The fanzine’s focus through its first five issues has mostly been on our Isle of Erillion campaign. Together, these materials represent an almost complete mini-sandbox, consisting of modular pieces you can use as a linked whole, or take apart and use in different contexts. This year will hopefully see the completion of Baklin, the isle’s capital city – a neutral port town of merchants, sailors and the occasional thief. Since Baklin is too large for a single zine issue, it will be published separately. There are more materials I would like to publish from this campaign, but they will be even more general, with only hints of setting-specific information.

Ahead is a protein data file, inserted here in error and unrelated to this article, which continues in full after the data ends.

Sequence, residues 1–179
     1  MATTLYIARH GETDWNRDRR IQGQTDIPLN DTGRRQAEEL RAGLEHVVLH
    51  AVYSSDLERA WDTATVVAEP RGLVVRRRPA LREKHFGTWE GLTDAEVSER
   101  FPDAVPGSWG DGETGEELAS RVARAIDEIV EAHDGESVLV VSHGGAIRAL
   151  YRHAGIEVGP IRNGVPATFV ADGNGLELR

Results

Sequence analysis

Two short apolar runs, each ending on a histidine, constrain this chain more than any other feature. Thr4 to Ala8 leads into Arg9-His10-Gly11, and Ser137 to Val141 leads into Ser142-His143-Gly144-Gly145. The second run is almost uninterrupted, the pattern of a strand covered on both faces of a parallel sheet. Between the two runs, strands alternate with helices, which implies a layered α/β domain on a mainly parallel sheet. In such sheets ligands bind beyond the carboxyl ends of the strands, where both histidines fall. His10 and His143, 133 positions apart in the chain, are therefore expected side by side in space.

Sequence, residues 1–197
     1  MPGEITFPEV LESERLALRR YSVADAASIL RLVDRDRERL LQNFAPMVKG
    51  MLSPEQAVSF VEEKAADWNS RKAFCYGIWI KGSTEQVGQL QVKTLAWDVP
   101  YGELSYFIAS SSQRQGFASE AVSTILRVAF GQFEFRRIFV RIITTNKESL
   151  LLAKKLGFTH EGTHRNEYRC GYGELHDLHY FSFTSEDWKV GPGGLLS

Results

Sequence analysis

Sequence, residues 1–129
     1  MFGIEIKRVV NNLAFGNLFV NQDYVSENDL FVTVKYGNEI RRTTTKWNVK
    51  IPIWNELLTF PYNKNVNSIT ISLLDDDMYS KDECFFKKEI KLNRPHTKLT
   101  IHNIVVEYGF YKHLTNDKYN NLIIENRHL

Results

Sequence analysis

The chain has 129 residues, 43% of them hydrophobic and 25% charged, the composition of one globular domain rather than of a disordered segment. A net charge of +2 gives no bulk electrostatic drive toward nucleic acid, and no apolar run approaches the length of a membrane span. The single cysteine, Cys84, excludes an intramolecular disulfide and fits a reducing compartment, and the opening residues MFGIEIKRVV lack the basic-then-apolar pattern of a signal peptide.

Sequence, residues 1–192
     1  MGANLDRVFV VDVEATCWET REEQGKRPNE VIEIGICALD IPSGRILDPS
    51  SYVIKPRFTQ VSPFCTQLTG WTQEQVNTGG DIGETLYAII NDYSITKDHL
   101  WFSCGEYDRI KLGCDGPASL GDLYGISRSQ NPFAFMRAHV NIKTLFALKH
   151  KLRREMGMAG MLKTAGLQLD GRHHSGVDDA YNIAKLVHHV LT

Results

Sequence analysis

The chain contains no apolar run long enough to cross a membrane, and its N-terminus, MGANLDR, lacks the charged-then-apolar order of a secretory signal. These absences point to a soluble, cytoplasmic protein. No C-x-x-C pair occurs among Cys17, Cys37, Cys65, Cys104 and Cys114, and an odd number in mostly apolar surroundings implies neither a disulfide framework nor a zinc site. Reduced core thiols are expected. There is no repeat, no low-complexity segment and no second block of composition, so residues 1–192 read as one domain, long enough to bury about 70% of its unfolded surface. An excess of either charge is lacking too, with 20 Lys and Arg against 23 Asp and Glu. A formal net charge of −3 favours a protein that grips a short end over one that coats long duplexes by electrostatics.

The City of Vultures
The next year will have a slightly different focus. One of my big plans for the zine (and one of the main reasons for launching it in the first place) has been the release of materials set in The City of Vultures, a sinful fantasy metropolis known for shady conspiracies, glittering palaces gone to rot, and great multi-level dungeon complexes hidden beneath the street surface. The city, which has served as the backdrop for three of our campaigns (one now ongoing), would have been impossible to tackle as a single supplement – it was always too sprawling, too forbidding to even begin. An introduction was published in Knockspell, issue #3, but of the adventures, only Terror on Tridentfish Island has seen release. To be exact, it needed a fanzine. Starting with Echoes #06, I am planning to publish my materials for this grand metropolis – focusing, most of all, on its dungeons and secret societies. See you in… The Gallery of Rising Tombs!